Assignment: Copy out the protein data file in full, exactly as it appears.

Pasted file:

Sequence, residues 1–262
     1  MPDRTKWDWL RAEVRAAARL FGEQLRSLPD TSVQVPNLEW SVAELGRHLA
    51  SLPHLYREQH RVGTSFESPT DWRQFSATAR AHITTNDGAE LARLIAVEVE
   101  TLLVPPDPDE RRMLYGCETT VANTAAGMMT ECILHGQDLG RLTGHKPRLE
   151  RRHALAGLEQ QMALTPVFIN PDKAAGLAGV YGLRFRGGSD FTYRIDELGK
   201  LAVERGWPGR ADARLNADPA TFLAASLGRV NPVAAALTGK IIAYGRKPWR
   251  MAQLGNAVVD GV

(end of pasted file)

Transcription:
Sequence, residues 1–262
     1  MPDRTKWDWL RAEVRAAARL FGEQLRSLPD TSVQVPNLEW SVAELGRHLA
    51  SLPHLYREQH RVGTSFESPT DWRQFSATAR AHITTNDGAE LARLIAVEVE
   101  TLLVPPDPDE RRMLYGCETT VANTAAGMMT ECILHGQDLG RLTGHKPRLE
   151  RRHALAGLEQ QMALTPVFIN PDKAAGLAGV YGLRFRGGSD FTYRIDELGK
   201  LAVERGWPGR ADARLNADPA TFLAASLGRV NPVAAALTGK IIAYGRKPWR
   251  MAQLGNAVVD GV